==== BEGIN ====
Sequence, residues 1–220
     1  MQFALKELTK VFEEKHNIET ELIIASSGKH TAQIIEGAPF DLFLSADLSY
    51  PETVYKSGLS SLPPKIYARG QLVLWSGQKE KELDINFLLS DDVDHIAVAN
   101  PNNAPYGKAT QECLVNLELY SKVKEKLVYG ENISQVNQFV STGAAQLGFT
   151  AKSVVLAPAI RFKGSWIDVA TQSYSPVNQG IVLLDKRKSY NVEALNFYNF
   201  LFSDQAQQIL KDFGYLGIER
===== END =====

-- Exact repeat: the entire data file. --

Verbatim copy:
Sequence, residues 1–220
     1  MQFALKELTK VFEEKHNIET ELIIASSGKH TAQIIEGAPF DLFLSADLSY
    51  PETVYKSGLS SLPPKIYARG QLVLWSGQKE KELDINFLLS DDVDHIAVAN
   101  PNNAPYGKAT QECLVNLELY SKVKEKLVYG ENISQVNQFV STGAAQLGFT
   151  AKSVVLAPAI RFKGSWIDVA TQSYSPVNQG IVLLDKRKSY NVEALNFYNF
   201  LFSDQAQQIL KDFGYLGIER